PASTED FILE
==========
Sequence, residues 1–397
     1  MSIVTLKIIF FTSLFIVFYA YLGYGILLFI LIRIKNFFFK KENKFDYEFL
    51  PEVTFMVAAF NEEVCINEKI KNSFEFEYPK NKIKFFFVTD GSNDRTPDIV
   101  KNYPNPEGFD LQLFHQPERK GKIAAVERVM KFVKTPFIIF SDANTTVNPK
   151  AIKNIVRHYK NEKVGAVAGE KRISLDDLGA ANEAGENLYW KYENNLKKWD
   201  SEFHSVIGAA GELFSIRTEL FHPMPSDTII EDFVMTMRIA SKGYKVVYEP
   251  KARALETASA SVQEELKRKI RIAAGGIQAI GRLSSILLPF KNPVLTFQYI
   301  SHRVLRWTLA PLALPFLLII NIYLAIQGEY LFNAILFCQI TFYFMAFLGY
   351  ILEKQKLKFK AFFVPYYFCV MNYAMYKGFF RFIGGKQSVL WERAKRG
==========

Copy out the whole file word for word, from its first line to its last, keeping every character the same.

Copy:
Sequence, residues 1–397
     1  MSIVTLKIIF FTSLFIVFYA YLGYGILLFI LIRIKNFFFK KENKFDYEFL
    51  PEVTFMVAAF NEEVCINEKI KNSFEFEYPK NKIKFFFVTD GSNDRTPDIV
   101  KNYPNPEGFD LQLFHQPERK GKIAAVERVM KFVKTPFIIF SDANTTVNPK
   151  AIKNIVRHYK NEKVGAVAGE KRISLDDLGA ANEAGENLYW KYENNLKKWD
   201  SEFHSVIGAA GELFSIRTEL FHPMPSDTII EDFVMTMRIA SKGYKVVYEP
   251  KARALETASA SVQEELKRKI RIAAGGIQAI GRLSSILLPF KNPVLTFQYI
   301  SHRVLRWTLA PLALPFLLII NIYLAIQGEY LFNAILFCQI TFYFMAFLGY
   351  ILEKQKLKFK AFFVPYYFCV MNYAMYKGFF RFIGGKQSVL WERAKRG